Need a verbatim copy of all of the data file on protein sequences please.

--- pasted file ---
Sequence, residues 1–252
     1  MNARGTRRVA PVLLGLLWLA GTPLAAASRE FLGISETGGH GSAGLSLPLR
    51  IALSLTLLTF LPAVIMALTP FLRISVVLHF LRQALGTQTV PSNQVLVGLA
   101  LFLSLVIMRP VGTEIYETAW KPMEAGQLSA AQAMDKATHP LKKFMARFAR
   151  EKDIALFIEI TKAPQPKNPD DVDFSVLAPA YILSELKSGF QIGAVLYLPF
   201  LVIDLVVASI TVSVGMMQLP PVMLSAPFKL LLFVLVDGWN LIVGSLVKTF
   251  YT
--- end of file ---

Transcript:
Sequence, residues 1–252
     1  MNARGTRRVA PVLLGLLWLA GTPLAAASRE FLGISETGGH GSAGLSLPLR
    51  IALSLTLLTF LPAVIMALTP FLRISVVLHF LRQALGTQTV PSNQVLVGLA
   101  LFLSLVIMRP VGTEIYETAW KPMEAGQLSA AQAMDKATHP LKKFMARFAR
   151  EKDIALFIEI TKAPQPKNPD DVDFSVLAPA YILSELKSGF QIGAVLYLPF
   201  LVIDLVVASI TVSVGMMQLP PVMLSAPFKL LLFVLVDGWN LIVGSLVKTF
   251  YT